Focusing on the Whole Family

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Two-generation approach addresses issues facing young children—and their parents—to help families achieve economic stability

Even as national and state unemployment rates decline, 45 percent of the nation’s children ages 0 ─ 8 are still growing up in low-income families, according to a study released today by the Annie E. Casey Foundation. The report, Creating Opportunity for Families: A Two-Generation Approach, also reveals the rate of Georgia’s families with young children that lack economic stability exceeds 50 percent, and of those families, 49.3 percent lack full-time, year-round work.

More than half of these families in Georgia also are single-parent households, which can present additional obstacles to attaining child care and early learning, education, and employment. Beyond that, low-income families face increased parental stress, which can be detrimental to healthy child development.

“When young children are over-exposed to high levels of family stress over time, we know the effects can be negative and long-lasting,” said Rebecca Rice of Georgia Family Connection Partnership, the state’s KIDS COUNT grantee. “Traumatic experiences in a young child’s life can range from economic hardship, domestic violence, physical, emotional, or sexual abuse, to parental divorce or incarceration. Sadly, the consequences of these experiences can result in a lifetime of impairments in learning, behavior, and both physical and mental health.”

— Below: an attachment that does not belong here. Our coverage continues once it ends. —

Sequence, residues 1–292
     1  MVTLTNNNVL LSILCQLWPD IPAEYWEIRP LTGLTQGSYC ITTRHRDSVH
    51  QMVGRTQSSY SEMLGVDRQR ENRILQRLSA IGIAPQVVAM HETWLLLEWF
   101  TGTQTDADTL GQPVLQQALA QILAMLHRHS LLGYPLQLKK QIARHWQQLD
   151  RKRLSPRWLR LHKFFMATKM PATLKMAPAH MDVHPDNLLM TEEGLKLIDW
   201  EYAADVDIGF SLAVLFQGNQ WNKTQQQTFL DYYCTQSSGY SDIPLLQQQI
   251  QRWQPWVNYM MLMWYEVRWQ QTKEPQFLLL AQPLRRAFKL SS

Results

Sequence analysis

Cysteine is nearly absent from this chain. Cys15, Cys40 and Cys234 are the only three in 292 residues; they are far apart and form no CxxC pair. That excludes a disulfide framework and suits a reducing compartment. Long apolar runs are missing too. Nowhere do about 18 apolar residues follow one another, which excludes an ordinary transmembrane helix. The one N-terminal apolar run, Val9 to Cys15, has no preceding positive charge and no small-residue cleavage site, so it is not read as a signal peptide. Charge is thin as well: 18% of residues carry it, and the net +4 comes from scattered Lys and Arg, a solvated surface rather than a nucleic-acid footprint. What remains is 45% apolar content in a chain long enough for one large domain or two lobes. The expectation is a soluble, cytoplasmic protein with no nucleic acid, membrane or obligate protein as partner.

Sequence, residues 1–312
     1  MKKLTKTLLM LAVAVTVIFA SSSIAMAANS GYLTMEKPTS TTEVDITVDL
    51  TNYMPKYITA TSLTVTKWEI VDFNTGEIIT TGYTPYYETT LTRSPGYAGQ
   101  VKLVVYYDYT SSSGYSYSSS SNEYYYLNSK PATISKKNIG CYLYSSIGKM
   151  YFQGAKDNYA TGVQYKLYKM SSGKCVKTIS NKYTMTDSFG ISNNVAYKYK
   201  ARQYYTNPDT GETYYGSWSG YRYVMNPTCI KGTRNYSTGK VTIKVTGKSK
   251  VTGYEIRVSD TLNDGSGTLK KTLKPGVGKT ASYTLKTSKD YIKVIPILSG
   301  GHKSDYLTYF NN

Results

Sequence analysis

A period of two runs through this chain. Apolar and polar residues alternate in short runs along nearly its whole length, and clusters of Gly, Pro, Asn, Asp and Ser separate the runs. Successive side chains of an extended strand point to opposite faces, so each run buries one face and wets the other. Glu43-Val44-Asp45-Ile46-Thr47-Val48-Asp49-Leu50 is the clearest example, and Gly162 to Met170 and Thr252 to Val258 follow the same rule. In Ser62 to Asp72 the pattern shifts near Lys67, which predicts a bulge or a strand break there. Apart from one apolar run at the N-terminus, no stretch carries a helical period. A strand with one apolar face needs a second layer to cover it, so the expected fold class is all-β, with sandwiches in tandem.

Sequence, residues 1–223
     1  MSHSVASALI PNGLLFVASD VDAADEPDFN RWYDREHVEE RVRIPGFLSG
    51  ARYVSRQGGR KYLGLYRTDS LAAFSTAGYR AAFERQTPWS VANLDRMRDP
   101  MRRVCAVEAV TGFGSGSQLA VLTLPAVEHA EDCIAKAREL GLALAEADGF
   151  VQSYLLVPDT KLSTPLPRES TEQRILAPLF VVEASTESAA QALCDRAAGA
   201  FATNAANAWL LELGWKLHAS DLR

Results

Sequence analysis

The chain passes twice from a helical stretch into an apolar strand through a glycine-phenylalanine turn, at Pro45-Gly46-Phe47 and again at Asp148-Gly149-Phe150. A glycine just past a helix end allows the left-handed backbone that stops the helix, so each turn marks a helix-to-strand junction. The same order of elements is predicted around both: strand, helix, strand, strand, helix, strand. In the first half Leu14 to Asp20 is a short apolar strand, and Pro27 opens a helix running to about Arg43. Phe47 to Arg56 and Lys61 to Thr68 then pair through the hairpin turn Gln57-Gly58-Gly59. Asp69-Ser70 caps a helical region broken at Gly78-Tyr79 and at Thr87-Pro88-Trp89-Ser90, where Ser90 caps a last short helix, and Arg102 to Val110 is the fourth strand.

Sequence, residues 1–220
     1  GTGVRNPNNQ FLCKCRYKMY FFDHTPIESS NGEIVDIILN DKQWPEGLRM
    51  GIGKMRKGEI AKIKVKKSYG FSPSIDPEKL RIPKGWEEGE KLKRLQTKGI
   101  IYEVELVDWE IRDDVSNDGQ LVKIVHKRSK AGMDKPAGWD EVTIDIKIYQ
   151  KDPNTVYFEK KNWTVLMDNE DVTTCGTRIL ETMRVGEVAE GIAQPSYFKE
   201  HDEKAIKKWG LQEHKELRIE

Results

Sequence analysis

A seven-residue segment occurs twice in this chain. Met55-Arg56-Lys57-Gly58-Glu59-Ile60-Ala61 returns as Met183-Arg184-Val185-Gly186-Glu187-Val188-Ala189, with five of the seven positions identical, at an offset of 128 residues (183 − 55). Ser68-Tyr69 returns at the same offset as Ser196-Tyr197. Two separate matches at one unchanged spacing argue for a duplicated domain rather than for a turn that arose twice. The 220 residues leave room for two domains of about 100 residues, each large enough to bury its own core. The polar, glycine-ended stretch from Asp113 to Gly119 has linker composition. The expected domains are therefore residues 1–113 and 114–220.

A further barrier to attaining stable work and adequate income in Georgia is a lack of education.  The parents in nearly 20 percent of Georgia’s low-income families do not have a high-school diploma, compared to just 2.8 percent of parents in high-income families. And, in a state where employment prospects increasingly require post-high-school education, close to 90 percent of low-income families with young children lack a bachelor’s degree, compared to 43 percent of high-income families.

“The jobs that are attainable without high school or post-secondary education are low-earning, inflexible, and unpredictable, which makes pursuing higher education difficult for families with young children,” said Rice. “If we are to eliminate these chronic barriers to opportunity and close the gaps in educational achievement, workforce preparedness, and physical health that are hindering Georgia’s potential to prosper, we must intervene with two-generation solutions that focus on improving conditions for vulnerable children and their parents, together. It’s a family approach.”

According to Rice, Georgia Family Connection does this by partnering at the community and state levels to align policies with effective practices to make quality early learning and child care accessible and affordable. By doing that we can create flexible job training programs and schedules, so we can offer education and skill- and asset-building opportunities.